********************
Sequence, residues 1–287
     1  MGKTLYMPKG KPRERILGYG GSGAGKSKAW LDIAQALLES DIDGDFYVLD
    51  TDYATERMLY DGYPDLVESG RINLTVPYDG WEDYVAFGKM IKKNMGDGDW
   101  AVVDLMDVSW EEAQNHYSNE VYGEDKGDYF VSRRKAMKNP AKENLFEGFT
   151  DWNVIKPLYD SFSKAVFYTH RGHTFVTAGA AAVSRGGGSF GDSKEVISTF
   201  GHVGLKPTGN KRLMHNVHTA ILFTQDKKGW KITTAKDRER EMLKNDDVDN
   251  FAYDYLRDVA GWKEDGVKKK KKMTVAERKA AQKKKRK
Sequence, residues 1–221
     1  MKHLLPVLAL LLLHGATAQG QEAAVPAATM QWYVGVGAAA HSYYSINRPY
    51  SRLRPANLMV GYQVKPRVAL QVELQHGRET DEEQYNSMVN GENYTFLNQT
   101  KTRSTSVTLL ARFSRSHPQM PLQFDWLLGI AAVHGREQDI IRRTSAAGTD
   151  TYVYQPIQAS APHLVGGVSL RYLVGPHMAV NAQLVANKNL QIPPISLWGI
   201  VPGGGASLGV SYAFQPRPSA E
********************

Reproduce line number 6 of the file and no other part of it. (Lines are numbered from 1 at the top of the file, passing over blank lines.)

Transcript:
   201  GHVGLKPTGN KRLMHNVHTA ILFTQDKKGW KITTAKDRER EMLKNDDVDN